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TRANSPORTATION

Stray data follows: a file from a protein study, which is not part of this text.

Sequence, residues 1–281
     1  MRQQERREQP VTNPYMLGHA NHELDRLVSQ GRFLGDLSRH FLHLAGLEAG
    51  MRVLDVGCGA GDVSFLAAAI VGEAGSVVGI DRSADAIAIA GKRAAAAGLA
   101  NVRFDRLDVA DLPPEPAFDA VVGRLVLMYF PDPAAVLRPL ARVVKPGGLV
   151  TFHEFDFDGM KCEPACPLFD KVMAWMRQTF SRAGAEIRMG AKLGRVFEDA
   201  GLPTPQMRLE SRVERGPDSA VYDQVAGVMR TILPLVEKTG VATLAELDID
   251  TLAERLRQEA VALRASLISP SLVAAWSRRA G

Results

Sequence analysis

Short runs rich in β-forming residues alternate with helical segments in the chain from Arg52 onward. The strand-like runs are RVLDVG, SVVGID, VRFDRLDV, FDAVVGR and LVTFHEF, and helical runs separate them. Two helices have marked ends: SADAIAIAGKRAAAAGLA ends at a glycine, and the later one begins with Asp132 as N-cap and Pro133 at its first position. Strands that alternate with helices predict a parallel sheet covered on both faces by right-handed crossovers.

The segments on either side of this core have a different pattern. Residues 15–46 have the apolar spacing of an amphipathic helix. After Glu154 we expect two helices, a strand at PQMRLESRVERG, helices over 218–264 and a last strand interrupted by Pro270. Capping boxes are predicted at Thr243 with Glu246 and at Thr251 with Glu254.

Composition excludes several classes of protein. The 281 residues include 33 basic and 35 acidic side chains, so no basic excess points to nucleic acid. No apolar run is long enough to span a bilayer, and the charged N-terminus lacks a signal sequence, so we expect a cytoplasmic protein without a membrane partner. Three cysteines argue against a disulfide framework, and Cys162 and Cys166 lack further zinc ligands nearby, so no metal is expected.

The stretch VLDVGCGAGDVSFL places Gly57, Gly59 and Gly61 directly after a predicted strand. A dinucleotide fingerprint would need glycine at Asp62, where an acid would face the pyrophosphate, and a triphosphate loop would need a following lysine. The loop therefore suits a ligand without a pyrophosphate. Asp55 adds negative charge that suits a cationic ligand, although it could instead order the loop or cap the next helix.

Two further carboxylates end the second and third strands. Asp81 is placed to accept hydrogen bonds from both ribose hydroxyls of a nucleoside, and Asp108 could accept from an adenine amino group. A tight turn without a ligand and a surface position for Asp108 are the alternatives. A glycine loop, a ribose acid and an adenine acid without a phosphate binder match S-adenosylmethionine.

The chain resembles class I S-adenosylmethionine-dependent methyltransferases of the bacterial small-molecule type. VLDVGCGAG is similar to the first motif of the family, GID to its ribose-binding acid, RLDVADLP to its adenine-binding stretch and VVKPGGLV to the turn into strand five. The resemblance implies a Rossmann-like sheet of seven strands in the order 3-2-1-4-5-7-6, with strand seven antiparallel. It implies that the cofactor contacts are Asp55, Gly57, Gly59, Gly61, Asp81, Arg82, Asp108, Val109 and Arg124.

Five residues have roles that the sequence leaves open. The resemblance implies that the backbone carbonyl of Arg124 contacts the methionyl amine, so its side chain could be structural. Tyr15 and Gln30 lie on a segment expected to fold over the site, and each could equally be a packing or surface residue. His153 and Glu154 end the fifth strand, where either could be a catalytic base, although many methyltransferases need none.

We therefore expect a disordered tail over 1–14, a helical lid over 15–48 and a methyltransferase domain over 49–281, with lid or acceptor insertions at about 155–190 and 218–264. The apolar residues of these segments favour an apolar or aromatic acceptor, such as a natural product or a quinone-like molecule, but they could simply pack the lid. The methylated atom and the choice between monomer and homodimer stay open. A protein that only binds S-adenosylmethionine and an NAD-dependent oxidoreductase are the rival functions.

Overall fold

pated convict, to obtain his livelihood by honest industry, in clearing and cultivating land, or in the service or employment of reputable freemen, instead of living a life of idleness and luxurious indulgence, or preying like a horse-leech upon society, as a publican or general dealer. It would have given the requisite encouragement and protection to the really reformed emancipated convict, by confirming him, on the one hand, in his returning attachment to the pursuits and pleasures of honest industry, and by rescuing him, on the other, from the fangs of the publicans and dealers of his own class and order. It would have relieved several successive governors of the colony from the mortifying and humiliating necessity of purchasing the patronage of men who owed their own lives to the lenity of the laws, and of whose thorough reformation there was no evidence but their acquisition of wealth, in order to secure an adequate counterpoise to the weight and influence of a few individuals, whom they fancied opposed to their legitimate authority. It would have kept the convicts and emancipated convicts in their proper place in the social system, and saved the colony from the evil consequences that have already resulted from the growth and ascendancy of a class in colonial society, distinguished by the name of